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The potential for modulation of growth factor signaling by endocytic trafficking of receptors is well recognized, but the underlying mechanisms are poorly understood. We examined the regulation of fibroblast growth factor (FGF) signaling by Sprouty related with EVH1 (Ena/VASP homology 1) domain (Spred), a family of signaling inhibitors with proposed tumor-suppressive functions. The inhibitory activity of Spreds has been linked to their N-terminal EVH1 domain, but the molecular mechanism is unknown. In this study, we identify a novel late endosomal protein that directly binds to the EVH1 domain of Spred2. Neighbor of BRCA1 (NBR1) is a highly conserved multidomain protein that interacts and colocalizes with Spred2 in vivo. Attenuation of FGF signaling by Spred2 is dependent on the interaction with NBR1 and is achieved by redirecting the trafficking of activated receptors to the lysosomal degradation pathway. Our findings suggest a critical function for NBR1 in the regulation of receptor trafficking and provide a mechanism for down-regulation of signaling by Spred2 via NBR1.
Growth factors regulate key aspects of cellular life such as proliferation, differentiation, migration, and death. Pattern formation and organogenesis during development, along with tissue regeneration and repair during adulthood, are dependent on strictly regulated action of growth factors. However, deregulated activity of these factors or their downstream signaling pathways can result in developmental disorders as well as contribute to a wide variety of cancers. In fact, loss of function mutations of growth factor signaling antagonists or gain of function mutations of growth factor signaling agonists are a hallmark of many tumors (Vogelstein and Kinzler, 2004).
Precise regulation of growth factor signaling is achieved by a large body of extrinsic and intrinsic regulators of signaling, the majority of which remain poorly defined. Sprouty related with EVH1 domain (Spred) and its related Sprouty proteins are two such families of intrinsic signaling regulators that inhibit the RAF–MEK (MAPK/extracellular signal-regulated kinase [ERK])–ERK (ERK1/2) pathway downstream of a variety of stimuli (Hacohen et al., 1998; Casci et al., 1999; Kramer et al., 1999; Reich et al., 1999; Wakioka et al., 2001; Kato et al., 2003; Nonami et al., 2004; Bundschu et al., 2005; King et al., 2005; Sivak et al., 2005). Sprouty was initially discovered in Drosophila melanogaster as a negative regulator of Bnl (Branchless) FGF signaling during development of the tracheal system (Hacohen et al., 1998) but was subsequently shown to attenuate signaling from other growth factors of the receptor Tyr kinase (RTK) family as well, establishing it as a general RTK antagonist (Casci et al., 1999; Kramer et al., 1999; Reich et al., 1999). However, vertebrate Sproutys were shown to inhibit ERK1/2 downstream of only a subset of RTK growth factors such as FGF and VEGF but not EGF (Minowada et al., 1999; Impagnatiello et al., 2001).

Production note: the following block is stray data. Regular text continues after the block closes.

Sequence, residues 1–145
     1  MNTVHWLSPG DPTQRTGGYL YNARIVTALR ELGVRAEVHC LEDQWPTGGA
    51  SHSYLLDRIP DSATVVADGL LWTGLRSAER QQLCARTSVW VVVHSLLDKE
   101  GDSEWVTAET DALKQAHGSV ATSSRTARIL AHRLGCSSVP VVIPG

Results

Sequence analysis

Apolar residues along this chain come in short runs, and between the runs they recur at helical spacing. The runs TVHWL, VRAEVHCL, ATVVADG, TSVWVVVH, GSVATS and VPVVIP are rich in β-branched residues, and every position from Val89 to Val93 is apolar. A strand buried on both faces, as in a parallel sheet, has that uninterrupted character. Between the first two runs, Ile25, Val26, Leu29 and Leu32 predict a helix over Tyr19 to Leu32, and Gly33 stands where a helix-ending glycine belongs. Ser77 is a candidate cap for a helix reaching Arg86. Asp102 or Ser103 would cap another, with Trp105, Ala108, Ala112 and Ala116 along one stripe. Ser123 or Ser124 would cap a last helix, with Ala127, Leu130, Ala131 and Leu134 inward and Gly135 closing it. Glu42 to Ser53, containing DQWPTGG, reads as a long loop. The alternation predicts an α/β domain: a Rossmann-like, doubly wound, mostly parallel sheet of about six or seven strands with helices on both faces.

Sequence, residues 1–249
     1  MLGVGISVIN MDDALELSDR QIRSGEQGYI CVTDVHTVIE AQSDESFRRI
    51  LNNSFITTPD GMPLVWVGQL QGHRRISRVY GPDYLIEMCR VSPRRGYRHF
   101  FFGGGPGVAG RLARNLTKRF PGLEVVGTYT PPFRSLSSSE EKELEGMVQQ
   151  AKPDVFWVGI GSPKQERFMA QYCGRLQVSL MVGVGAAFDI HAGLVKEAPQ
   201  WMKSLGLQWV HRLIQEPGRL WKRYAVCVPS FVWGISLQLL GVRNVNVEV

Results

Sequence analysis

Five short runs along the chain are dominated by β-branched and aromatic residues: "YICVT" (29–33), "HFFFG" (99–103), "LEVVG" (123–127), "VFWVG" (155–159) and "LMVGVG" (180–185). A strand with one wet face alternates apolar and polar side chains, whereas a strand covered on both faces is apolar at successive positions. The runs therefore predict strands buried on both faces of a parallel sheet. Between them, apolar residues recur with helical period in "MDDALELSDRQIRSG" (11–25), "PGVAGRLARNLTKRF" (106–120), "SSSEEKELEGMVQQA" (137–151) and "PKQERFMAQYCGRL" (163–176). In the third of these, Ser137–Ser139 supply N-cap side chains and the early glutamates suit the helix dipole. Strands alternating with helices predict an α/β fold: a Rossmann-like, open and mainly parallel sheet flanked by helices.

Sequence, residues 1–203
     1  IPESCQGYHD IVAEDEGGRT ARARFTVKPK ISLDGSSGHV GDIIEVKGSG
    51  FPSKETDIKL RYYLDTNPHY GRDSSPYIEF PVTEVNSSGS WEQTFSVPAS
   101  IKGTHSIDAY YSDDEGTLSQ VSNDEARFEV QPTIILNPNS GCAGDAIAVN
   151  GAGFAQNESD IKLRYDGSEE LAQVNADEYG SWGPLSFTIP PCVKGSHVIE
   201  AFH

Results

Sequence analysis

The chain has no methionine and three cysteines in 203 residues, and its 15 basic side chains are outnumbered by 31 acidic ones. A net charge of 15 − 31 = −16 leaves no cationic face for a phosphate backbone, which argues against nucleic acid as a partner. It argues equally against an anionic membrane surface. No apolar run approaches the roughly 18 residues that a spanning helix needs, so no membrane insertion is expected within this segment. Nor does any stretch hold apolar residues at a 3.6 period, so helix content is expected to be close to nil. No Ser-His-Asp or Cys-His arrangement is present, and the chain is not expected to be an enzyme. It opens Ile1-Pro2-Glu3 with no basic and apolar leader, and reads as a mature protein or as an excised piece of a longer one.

All Sprouty proteins share a characteristic Cys-rich C-terminal domain (SPRY domain), which is believed to be indispensable for their function (Casci et al., 1999; Yigzaw et al., 2001; Hanafusa et al., 2002). Spreds also contain a C-terminal SPRY domain but diverge from Sproutys by further containing a central Kit-binding domain (KBD) and an N-terminal EVH1 (Ena/VASP homology 1) domain (Wakioka et al., 2001). Moreover, Spreds are divergent with regard to their target stimuli, inhibiting ERK1/2 downstream of a diverse group of RTK and non-RTK factors such as FGF, EGF, cytokines, and chemokines (Wakioka et al., 2001; Kato et al., 2003; Nonami et al., 2004; Bundschu et al., 2005; King et al., 2005; Sivak et al., 2005).
Similar to Sproutys, Spreds are thought to be potential tumor suppressors, as expression of both Spred1 and -2 has been shown to be reduced in human hepatocellular carcinomas, with levels negatively correlating with malignancy (Yoshida et al., 2006). Apart from their role as potential tumor suppressors, knockout studies have highlighted the involvement of Spreds in bone morphogenesis (Bundschu et al., 2005), hematopoiesis (Nobuhisa et al., 2004), allergen-induced airway eosinophilia, and hyperresponsiveness (Inoue et al., 2005). Furthermore, Spreds have been implicated along with Sproutys in the regulation of Xenopus laevis gastrulation and mesoderm formation downstream of FGF, although both the timing and the target pathway of Spreds seemed to be distinct from that of Sproutys (Sivak et al., 2005).
Previous studies have shown that the N-terminal EVH1 domain of Spreds is essential for their inhibitory activity on ERK1/2 (Wakioka et al., 2001; King et al., 2005). However, the molecular mechanism of this EVH1-dependent action is unknown. Because EVH1 domains are protein–protein interaction modules (Ball et al., 2002), we hypothesized that an unidentified critical partner of Spreds might interact with the EVH1 domain to mediate their function. Therefore, we used a yeast two-hybrid approach, using the EVH1 domain of Spred2 as bait to identify candidate partners. We identified neighbor of BRCA1 (NBR1), a multidomain protein which contains several putative protein–protein interaction modules, an N-terminal homo/heterodimerization PB1 (Phox and Bem1p1) domain, a ZINC finger, a coiled-coil region, and a C-terminal ubiquitin-associated (UBA) domain. NBR1 has been previously implicated in signal transduction downstream of the giant muscle kinase Titin (Lange et al., 2005), but its roles outside the muscle context are otherwise poorly characterized. In this study, we show that NBR1 is a specific late endosomal protein. Spred2 interacts and colocalizes with NBR1 in an EVH1 domain–dependent manner in vivo. Moreover, inhibition of ERK1/2 by Spred2 is dependent on its interaction with NBR1 and is achieved by targeting activated receptors to the lysosomal degradation pathway. Our findings provide a mechanism for the EVH1-dependent actions of Spred2 and implicate NBR1 as a novel regulator of receptor trafficking and signaling for the first time. These results further support the notion that alteration of receptor trafficking itinerary could be a common means for regulation of downstream signaling.